Undergraduate Degree: Strategic Communications, The Ohio State University

Year Graduated from the MHRM program: 2016

Internship(s): Texas Instruments and Victoria Secret

MHRM Activities and Societies: MHRM Council, Fisher Graduate Women in Business

Current Role Description: Supports the home office and stores in talent management and sourcing.

Career Advice: Understand the business your in, utilize data to make decisions, and always find ways to make improvements in your work.

Going to these type of events are a continuous reminder of the limitless opportunities we have as students and alumni of the Masters of Human Resource Management program. I’m grateful for the alumni that continue to be a part of what we do here every day at Fisher!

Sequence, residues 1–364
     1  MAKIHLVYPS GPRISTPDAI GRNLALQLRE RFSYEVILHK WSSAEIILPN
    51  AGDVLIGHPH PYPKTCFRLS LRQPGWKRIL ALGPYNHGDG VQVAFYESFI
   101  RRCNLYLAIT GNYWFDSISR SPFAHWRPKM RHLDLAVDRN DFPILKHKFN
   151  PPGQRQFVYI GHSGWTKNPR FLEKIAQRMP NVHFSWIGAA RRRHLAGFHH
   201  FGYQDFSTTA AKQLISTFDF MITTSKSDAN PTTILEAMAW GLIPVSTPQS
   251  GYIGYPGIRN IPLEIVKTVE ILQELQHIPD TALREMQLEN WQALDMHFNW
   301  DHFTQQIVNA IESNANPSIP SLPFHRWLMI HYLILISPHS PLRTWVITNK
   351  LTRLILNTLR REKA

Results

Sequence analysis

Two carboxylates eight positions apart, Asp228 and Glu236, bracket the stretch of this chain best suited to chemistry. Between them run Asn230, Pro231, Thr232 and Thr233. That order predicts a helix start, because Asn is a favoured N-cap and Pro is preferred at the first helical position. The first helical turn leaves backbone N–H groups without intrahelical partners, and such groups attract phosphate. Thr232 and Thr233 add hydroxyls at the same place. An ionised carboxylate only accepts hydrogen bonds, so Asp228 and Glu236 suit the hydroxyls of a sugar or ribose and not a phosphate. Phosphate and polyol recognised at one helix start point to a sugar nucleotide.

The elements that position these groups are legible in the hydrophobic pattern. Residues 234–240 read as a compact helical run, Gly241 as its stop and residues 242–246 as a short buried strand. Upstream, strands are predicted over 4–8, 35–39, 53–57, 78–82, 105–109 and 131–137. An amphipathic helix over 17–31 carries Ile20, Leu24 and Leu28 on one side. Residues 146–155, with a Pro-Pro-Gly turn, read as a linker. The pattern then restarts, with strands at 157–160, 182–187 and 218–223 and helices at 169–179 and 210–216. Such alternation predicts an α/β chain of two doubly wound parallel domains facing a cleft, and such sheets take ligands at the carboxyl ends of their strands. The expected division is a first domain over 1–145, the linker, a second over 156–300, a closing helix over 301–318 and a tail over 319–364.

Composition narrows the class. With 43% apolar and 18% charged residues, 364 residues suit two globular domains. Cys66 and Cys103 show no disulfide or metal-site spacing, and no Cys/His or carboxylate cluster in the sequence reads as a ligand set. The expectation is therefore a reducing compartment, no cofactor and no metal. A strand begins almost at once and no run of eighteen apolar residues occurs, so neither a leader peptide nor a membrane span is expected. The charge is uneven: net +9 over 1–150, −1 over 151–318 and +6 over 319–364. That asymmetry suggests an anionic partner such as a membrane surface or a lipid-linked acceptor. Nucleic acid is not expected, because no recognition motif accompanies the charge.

Growing Professionally and Giving Back with Fisher Board Fellows

“I now call this meeting to order…”

Sitting in on your first nonprofit board meeting can be an eye-opening experience, especially if you have never worked on a board in the past. Now, heading into my eighth month as a Board Fellow for Dress for Success-Columbus, I am able to actively participate in board meeting discussions and share updates on my resource development committee projects.

Reflecting back, being a part of Fisher Board Fellows has been a wonderful opportunity to give back to my community, better understand the governance of nonprofit organizations, apply lessons from business school to a real-world setting and grow my network. In addition, committing to the mission of Dress has grown my perspective regarding our local community needs and areas of opportunity in Columbus.